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Mapping poverty in America: Shaefer’s new book explores “The Injustice of Place”

The Injustice of Place: Uncovering the Legacy of Poverty in America. By Kathryn J. Edin, H. Luke Shaefer, and Timothy J. Nelson.

Contact: Daniel Rivkin,

America is rife with “internal colonies,” where systemic violence, resource extraction, and corruption among decision makers have contributed to generations of poverty and disadvantage. These communities suffer from environmental degradation, lack of services, and shortened life expectancy, and they are spread across a wide swath of the country: from Appalachia, to the Tobacco Belt of Virginia and the Carolinas, the Cotton Belt in the South, and South Texas.

These areas are the focus of a new book by the Ford School’s Luke Shaefer, The Injustice of Place: Uncovering the Legacy of Poverty in America, (Harper Collins, August 2023) which links economic data, health outcomes, and local history and traditions. Shaefer, the Hermann and Amalie Kohn Professor of Social Justice and Social Policy and director of Poverty Solutions, co-authored the book with Kathryn Edin, a sociology professor, and Timothy Nelson, director of undergraduate studies in sociology, both at Princeton.

Shaefer and Edin previously collaborated on $2.00 a Day: Living on Almost Nothing in America (Mariner Books, 2016), which was a New York Times Notable Book of the Year.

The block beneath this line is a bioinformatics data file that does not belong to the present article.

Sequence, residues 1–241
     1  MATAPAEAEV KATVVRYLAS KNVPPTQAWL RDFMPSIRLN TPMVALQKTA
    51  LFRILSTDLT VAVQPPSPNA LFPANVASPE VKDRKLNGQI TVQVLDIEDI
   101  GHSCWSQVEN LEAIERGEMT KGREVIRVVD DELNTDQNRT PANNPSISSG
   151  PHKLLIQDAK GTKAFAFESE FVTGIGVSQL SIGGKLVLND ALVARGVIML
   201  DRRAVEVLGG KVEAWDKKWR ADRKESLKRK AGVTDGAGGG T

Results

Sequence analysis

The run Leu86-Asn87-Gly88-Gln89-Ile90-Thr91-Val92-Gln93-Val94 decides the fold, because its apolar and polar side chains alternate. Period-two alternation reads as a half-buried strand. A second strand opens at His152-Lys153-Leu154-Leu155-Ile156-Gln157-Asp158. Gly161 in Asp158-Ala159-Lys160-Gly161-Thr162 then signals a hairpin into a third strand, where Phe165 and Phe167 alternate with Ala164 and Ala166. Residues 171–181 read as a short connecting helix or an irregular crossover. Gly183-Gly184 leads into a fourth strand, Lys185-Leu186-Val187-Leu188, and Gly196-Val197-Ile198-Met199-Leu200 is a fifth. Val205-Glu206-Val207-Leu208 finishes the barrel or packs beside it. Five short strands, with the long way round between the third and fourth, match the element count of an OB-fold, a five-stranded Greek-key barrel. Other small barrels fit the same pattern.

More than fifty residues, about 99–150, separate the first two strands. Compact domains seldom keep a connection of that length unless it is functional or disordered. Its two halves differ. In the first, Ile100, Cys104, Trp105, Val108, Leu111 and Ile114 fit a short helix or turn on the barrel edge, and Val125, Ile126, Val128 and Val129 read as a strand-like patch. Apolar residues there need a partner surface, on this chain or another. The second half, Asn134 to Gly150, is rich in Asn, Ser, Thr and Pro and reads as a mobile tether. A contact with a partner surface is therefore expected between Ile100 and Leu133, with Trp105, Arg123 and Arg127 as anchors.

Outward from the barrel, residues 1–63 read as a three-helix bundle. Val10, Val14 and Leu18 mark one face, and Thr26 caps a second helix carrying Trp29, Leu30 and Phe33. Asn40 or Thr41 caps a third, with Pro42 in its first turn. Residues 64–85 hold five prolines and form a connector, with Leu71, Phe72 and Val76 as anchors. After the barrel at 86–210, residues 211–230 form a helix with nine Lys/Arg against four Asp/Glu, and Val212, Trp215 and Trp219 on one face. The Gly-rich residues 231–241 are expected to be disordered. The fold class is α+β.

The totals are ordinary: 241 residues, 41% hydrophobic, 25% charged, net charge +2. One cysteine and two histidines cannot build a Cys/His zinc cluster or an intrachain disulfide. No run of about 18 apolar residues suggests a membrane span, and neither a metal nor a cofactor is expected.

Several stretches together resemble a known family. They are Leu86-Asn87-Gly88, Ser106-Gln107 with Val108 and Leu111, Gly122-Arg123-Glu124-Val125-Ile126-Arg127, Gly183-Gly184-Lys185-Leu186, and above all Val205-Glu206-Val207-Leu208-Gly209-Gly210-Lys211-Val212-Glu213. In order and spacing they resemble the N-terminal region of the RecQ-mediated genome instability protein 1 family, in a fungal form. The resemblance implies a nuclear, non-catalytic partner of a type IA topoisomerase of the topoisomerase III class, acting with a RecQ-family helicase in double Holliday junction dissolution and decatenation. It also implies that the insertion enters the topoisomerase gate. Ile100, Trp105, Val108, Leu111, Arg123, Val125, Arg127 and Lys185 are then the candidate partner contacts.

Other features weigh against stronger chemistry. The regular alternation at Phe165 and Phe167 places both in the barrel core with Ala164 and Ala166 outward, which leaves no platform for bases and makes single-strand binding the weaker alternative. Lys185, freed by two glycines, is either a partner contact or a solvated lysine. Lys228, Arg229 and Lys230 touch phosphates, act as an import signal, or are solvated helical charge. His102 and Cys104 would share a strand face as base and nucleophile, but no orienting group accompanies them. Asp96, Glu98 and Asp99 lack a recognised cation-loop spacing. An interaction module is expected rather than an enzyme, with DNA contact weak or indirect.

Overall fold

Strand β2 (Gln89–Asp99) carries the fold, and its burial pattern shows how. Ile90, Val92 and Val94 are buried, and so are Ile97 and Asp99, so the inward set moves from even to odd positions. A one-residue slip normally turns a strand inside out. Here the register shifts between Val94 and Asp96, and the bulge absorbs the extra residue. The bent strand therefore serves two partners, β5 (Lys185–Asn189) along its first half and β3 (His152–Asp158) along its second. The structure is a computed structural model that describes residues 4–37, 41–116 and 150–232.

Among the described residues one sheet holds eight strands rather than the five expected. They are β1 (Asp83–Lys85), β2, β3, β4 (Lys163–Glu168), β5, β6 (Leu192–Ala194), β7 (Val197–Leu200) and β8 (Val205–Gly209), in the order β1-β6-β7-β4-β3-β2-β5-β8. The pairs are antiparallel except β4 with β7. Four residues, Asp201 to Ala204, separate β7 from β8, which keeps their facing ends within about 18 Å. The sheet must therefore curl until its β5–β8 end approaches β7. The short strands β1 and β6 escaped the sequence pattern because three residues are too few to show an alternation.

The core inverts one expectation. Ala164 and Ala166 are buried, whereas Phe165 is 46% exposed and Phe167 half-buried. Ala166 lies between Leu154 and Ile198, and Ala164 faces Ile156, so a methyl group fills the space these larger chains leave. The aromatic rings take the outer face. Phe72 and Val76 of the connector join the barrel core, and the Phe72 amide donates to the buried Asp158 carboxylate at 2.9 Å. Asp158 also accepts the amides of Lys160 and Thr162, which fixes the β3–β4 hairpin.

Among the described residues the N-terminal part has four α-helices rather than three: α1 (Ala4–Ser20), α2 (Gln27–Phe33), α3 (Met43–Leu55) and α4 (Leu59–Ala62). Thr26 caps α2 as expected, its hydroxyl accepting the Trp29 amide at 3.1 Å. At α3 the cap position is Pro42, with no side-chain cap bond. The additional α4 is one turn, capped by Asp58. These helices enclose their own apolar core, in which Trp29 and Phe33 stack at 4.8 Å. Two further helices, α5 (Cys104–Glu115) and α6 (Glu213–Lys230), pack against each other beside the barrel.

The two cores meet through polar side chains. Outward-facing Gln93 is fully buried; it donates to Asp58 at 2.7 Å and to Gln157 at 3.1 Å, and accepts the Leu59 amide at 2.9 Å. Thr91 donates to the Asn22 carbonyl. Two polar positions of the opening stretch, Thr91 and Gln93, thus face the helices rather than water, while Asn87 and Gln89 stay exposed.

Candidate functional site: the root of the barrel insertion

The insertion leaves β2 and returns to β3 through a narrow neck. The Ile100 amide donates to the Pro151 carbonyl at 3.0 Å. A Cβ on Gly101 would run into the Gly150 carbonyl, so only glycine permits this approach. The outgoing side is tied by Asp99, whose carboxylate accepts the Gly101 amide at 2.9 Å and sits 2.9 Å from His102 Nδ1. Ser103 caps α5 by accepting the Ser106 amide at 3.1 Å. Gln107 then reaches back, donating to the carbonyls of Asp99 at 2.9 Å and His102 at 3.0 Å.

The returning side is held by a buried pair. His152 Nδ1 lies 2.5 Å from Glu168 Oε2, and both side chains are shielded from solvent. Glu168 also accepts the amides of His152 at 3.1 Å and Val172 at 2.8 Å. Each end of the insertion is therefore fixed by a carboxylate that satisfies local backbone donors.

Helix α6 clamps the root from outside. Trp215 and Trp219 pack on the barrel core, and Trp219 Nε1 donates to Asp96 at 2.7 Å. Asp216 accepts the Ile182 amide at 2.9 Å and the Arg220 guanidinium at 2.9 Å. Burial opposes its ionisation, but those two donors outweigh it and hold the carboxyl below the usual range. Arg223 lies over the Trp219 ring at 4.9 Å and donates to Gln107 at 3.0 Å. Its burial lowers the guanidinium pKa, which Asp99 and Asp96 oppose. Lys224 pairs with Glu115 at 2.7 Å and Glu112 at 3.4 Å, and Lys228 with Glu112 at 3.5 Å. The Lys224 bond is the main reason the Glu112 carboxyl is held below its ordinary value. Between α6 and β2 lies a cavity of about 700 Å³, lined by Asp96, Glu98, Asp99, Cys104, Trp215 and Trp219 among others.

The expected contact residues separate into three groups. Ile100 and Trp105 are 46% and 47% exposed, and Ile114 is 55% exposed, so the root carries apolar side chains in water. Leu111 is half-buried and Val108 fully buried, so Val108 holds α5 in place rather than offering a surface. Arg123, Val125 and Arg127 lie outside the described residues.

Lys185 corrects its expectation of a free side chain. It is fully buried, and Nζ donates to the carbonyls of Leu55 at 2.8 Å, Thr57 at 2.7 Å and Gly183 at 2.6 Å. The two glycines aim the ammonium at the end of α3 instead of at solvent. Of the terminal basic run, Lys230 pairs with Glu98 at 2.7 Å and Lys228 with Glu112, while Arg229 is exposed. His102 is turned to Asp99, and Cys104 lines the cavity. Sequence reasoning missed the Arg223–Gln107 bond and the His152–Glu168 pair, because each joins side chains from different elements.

The places highlighted in The Injustice of Place were identified by an Index of Deep Disadvantage developed by Shaefer, Edin, and Nelson. The index represents a holistic look at disadvantage, using health indicators (life expectancy, low infant birth weight), poverty metrics (rates of poverty and deep poverty), and social mobility data (Opportunity Insights Mobility Metrics).

The researchers found most of the 100 most disadvantaged places in the country are rural, not inner cities. They have spent years immersing themselves in communities in these regions, getting to know the residents.

  • The communities they studied have common traits of unequal schooling, resource extraction, corruption, and bad governance.
  • Among the similarities the authors present:
  • When disasters such as tornadoes, hurricanes, or floods strike, governmental assistance often deepens pre-existing divides, benefitting the “haves” and not the “have-nots.”
  • Many people think of rural America as predominantly white — but the most disadvantaged places in the nation are rural communities of color.
  • Americans living in disadvantaged communities can expect to die a decade earlier than those living in the most advantaged places.
  • In many rural places with the most significant levels of disadvantage, the rate of violent crime is equal to that of large cities like Chicago.

“We are now armed with new revelations about poverty and a new understanding of how deeply disadvantage is woven into the history and present-day fabric of particular places,” they write. The book “tells the stories of America’s internal colonies – where disadvantage has been endemic for generations – and calls us to envision a different future, where no corner of the country is left behind.”

See reviews of the book:

A powerful, alarming portrayal of how poverty remains entrenched in unfairly forgotten places across America, Kirkus Reviews

In America’s “internal colonies,” the poor die far younger than richer Americans, CBS News

Publishers Weekly